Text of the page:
Well, that looks like a list of options to choose from – this is probably the first thing that comes to a developer’s mind. Is it ordered or unordered? Looks like we have some sort of order here, at least we show values from lowest to highest until we see the regular input.

But we can change the order to this, for instance, 500, 25, 50, 100, the meaning of the list itself will not change, it’s still a choice of options, be it quite a strange one. A <ul> then? I kinda dislike it too, in my opinion it just feels wrong… in other words – I’m not sure, and when in doubt, I prefer to use something that won’t hurt. Because using an unsemantic wrapper is far better than using a semantic one wrong.

I’ve just written above that a <fieldset> no longer requires any <legend> to be present, so can we simply use that instead of a <div>? To show they form an inner group inside a group. My guess is “no”. Reasoning: the main <fieldset> does exactly that and has a proper <legend> for it. I would use the nested <fieldset> only in the third step where we can wrap all the different input fields connected with the credit card credentials thus forming an inner <fieldset>. Because IMHO in order to form a group worthy of its own <fieldset> the form controls have to deal with different parts of a common field. Like a name, surname, sex, age do to be fieldseted under the “Personal information” legend.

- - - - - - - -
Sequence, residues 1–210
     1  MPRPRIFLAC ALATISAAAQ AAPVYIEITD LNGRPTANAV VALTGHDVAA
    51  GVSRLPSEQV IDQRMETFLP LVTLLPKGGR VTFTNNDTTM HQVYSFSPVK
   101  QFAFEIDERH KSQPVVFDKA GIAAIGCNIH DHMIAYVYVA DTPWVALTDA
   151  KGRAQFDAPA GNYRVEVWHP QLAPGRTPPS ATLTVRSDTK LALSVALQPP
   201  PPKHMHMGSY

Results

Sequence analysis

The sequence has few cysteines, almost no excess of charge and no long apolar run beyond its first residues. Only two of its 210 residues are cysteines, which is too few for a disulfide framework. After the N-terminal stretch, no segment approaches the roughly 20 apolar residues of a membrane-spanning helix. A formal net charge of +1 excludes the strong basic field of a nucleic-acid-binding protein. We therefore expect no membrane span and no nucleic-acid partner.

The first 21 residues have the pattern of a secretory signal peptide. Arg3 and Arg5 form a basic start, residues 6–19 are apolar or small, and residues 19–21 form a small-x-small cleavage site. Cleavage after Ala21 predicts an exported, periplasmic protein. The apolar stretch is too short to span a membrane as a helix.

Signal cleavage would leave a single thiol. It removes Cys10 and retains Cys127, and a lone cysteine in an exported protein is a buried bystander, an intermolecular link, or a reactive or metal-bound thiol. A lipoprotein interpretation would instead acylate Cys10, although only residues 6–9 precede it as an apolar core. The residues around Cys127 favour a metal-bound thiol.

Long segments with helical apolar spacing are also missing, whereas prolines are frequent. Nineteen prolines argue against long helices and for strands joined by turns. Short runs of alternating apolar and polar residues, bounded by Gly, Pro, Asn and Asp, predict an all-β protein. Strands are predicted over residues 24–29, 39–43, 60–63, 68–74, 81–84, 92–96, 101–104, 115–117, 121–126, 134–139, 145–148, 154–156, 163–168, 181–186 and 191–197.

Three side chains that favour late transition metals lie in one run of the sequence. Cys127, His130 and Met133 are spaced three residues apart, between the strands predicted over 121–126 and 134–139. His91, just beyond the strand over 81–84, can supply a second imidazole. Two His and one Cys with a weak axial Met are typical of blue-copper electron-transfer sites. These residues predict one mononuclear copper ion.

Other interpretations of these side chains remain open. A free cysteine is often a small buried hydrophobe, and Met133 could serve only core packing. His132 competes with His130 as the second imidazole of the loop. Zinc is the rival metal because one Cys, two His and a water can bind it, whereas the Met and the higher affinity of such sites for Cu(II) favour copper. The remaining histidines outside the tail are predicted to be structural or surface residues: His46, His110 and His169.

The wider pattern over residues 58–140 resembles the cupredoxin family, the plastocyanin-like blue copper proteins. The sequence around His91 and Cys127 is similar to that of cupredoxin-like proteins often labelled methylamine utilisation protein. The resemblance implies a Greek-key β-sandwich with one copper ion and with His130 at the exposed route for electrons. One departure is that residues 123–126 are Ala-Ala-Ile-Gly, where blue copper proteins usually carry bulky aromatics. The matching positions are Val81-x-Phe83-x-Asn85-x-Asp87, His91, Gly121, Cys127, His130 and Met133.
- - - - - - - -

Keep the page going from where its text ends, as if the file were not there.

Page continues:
A user is supposed to choose one option only and that’s definitely a place for <input type="radio">. No need to explain that I guess.

Also I use the title attribute to store the additional information that is important for the user. There are two options here: we can have this attribute either on the <input> or the <label>, the <input> being preferable, IMO. The phrase stored in it will replace the text in the <legend> dynamically when a user hovers or chooses an option if they have Javascript enabled of course.

That’s it, there won’t be the “styled” version. Both Thierry and Brad did that and they did that marvelously. Feel free to express your opinion on my variant.

  • Hi Alex,

    I think radio buttons *should* be wrapped in their own fieldset (as I did in my example), and that’s not just me saying this [1]. Also, “legend” is announced (by screen-readers) with every control inside the fieldset, so wrapping the checkbox in it makes things confusing as that option is not an amount to choose from, as suggested by the legend: “Choose an amount to donate”.